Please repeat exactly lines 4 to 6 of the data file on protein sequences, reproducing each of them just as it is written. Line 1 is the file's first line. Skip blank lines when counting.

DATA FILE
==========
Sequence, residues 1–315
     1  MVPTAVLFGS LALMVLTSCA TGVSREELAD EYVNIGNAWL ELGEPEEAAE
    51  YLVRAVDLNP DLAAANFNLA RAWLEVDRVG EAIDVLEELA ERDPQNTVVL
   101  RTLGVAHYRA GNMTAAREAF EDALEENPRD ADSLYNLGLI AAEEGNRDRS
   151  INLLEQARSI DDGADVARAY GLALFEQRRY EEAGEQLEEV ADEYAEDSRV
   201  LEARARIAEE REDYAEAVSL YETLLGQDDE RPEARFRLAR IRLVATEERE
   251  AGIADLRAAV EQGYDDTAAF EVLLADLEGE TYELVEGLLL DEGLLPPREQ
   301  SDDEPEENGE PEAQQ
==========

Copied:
   101  RTLGVAHYRA GNMTAAREAF EDALEENPRD ADSLYNLGLI AAEEGNRDRS
   151  INLLEQARSI DDGADVARAY GLALFEQRRY EEAGEQLEEV ADEYAEDSRV
   201  LEARARIAEE REDYAEAVSL YETLLGQDDE RPEARFRLAR IRLVATEERE